Qingmendous is half a foot long, 409 million years old and fierce as they come.
Huge, squiggly teeth protrude from his lower lip, and powerful, muscle-bound fins allow him to sluice through the brackish water of a prehistoric lagoon. When he's hungry, he lies in wait for creatures that are as much as half his size and ambushes them. His jagged teeth make quick work of the unsuspecting prey.
He's also your great-great-great-great (you get the idea) granduncle. Pleased to make your acquaintance.
Qingmendous, scientists report in the journal Science Advances, was part of a group of "lobe finned fishes" that included the first vertebrates to crawl onto land. Analysis of his skull will give researchers insight into how our distant fishy forebears evolved, they say, and a literal glimpse into the brain of a creature of that ancient world.
This prehistoric, predatory sea creature was first identified back in 2009, after paleontologists in China uncovered fossils of his hindquarters. JingLu and MinZhu, both researchers at the Chinese Academy of Sciences in Beijing and also lead authors on this report, identified Qingmendous as the oldest of a mysterious group of fish known as onychodonts.
Not much is known about the onychodonts, aside from the fact that they were predators with funny-looking faces (like Qingmendous, they all had squiggly teeth at the front of their lower jaw) and that they died out some 350 million years ago.
"We basically had two stages in the evolutionary history of the lobe finned fishes," said You'an Zhu, a paleontologist at the Chinese Academy of Sciences and Uppsala University in Sweden.
"There were the very primitive ones - so primitive they didn't even have lobed fins," he continued. "And then we get complete sets of lineages we are quite familiar with: coelacanths, also lungfish, and of course our direct ancestors the tetrapods (every land vertebrate ever, plus birds, bats, dolphins and whales)."
But few fossils have been found from the creatures that lived in between those two stages, and many aren't in great shape. So it was hard to figure out how Qingmendous was related to other creatures alive at the time, not to mention everything that came after.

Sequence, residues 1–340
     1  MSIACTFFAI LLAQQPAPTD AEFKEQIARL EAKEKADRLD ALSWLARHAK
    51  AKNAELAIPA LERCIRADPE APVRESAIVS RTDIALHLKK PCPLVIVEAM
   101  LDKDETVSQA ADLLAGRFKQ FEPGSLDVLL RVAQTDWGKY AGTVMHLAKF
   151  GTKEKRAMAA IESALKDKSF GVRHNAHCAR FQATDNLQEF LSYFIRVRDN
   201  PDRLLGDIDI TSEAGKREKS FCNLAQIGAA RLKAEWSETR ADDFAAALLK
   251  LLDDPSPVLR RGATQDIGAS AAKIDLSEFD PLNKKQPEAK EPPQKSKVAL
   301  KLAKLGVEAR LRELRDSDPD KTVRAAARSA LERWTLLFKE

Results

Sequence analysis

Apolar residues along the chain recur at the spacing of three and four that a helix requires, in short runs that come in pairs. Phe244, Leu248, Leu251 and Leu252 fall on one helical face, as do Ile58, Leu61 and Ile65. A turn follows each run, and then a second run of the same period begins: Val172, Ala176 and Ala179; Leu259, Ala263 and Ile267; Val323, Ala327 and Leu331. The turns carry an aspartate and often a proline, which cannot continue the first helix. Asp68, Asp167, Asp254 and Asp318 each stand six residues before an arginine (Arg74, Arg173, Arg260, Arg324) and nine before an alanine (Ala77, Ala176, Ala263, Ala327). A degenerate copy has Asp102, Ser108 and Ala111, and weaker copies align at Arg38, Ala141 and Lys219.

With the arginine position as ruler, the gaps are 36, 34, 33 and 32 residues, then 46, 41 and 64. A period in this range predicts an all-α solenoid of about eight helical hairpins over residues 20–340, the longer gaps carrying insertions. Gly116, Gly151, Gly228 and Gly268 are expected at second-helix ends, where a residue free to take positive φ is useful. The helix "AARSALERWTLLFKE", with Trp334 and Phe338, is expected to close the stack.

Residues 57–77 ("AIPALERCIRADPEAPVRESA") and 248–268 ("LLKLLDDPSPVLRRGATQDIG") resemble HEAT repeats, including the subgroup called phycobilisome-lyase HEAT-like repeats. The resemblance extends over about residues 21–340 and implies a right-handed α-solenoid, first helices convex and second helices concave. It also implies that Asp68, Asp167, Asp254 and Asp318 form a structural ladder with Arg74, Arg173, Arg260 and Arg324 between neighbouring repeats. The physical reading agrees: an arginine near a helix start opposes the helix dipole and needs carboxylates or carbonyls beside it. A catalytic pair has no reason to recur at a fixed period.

That's when You'an Zhu joined the team. Using CT scans, he and his colleagues digitally reconstructed the inside of Qingmendous's skull, allowing them to get a better look at who he was and how his brain worked.
"It turned out to be a mosaic of characteristics," he said. "It kind of filled in the gaps between the primitive and the modern lobe finned fishes, bridging the two stages together."
Qingmendous is not a missing link, he said - evolution is not linear. But the characteristics of his body and brain can help explain how the sea creatures made the leap onto land.
Like the ancestors of modern terrestrial creatures, Qingmendous dwelled in brackish waters of lagoons, bays and deltas - within spitting distance of land. He had the same muscular fins that his cousins would use to clamber gracelessly out of the water. His skull also shares some of the advanced features of still-living lobe finned fish (well, advanced for 409 million years ago), indicating that his brain was more modern as well.
The lobe-finned fish had the right tools for terrestrial exploration. They also had good luck and good timing, You'an Zhu said. There are plenty of fish that can survive out of the water for short periods of time today, but they don't stick around because there's too much competition and too many predators.
But 390 million years ago, plants had comfortably colonised land and insects were widespread. The continents were essentially a well-stocked, all-you-can-eat buffet - with no one else to hog the food and not a single predator large enough to make you regret sticking your head out of the sea.
"So the lobe finned fish will take their chance and venture onto land and become our ancestors," he said.